CR: Kane has a presence in several offshore jurisdictions, how important is Guernsey to its overall performance, particularly given its proximity to the UK market?

CJ: Guernsey is certainly a key domicile within Kane’s global network and our proximity to London, as I mentioned, is certainly an advantage given the business opportunities that we access through this market. However, one of Kane’s main strengths is its overall global standing and the domicile neutrality this provides – no one domicile is more important than any other. If we look, for example, at where the biggest growth areas were in 2014, the formation of ILS structures through cells within a PCC or ICC was certainly one. Kane has established an extensive, global ILS framework, which means that we are able to offer our international client-base access to the capital markets, whether that be through our operations in Guernsey, Cayman, Bermuda, and more recently Malta. This global platform acts as the foundation for Kane’s success.

CR: What features of Guernsey’s regulatory framework make it so efficient?

CJ: Guernsey is outside of the Solvency II, which makes a big difference. From a regulatory standpoint, its insurance legislation has been in place since 1986, and “A key stage in our evolution was the establishment of our PCC on the island a number of years ago – this has helped us to generate significant opportunities for developing new business”has evolved with the changing demands of the marketplace. Furthermore, the responsiveness of our regulators has ensured that AML practices, corporate governance requirements and compliance demands have all been effectively embedded into the regulatory structure. This has a lot to do with the strength of the relationship which exists between managers and regulators, a relationship which has helped the jurisdiction maintain its attractiveness to newcomers.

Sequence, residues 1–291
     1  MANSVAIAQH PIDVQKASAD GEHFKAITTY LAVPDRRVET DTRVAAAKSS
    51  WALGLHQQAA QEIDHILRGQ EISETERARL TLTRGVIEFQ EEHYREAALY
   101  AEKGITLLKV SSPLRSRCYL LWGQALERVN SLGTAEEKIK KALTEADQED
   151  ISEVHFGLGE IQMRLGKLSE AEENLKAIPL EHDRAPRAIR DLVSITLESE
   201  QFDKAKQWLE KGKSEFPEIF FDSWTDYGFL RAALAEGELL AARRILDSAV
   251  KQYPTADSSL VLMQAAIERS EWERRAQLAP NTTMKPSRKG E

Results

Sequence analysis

CR: As a long-standing practitioner on the island, how would you say that Kane has carved out its position in Guernsey’s business landscape?

CJ: We started from a very small base in Guernsey and have grown significantly from there. A key stage in our evolution was the establishment of our PCC on the island a number of years ago – this has helped us to generate significant opportunities for developing new business. In fact, the vast majority of our business in the last two years has come through cell companies.

We also work very closely with independent players in the market. This means that our marketplace and the distribution channels which we offer our clients are quite different from those of other major broking operations who own managers on the island. Our aim is to provide innovative, bespoke products and solutions to a broad spectrum of international clients, ranging from brokers and insurers, to Lloyd’s syndicates and MGAs, through our cell structure.

CR: What developments does Kane have planned for 2015 and beyond?

CJ: One area in which we have achieved significant success in recent years is in our ability to combine the range of services we offer into a single, allencompassing solution. We have seen a number of opportunities where we have been able to bring together our ILS administration, fund management and insurance management capabilities to meet the requirements of a particular client – providing front-end SPV insurance management operations supported by back-end fund administration delivered across a global platform. Our ability to provide this joined-up service offering we feel will become increasingly important in 2015 and beyond.

Clive James, COO of Kane, talks to Captive Review about the expansion of Guernsey’s ILS and cell company markets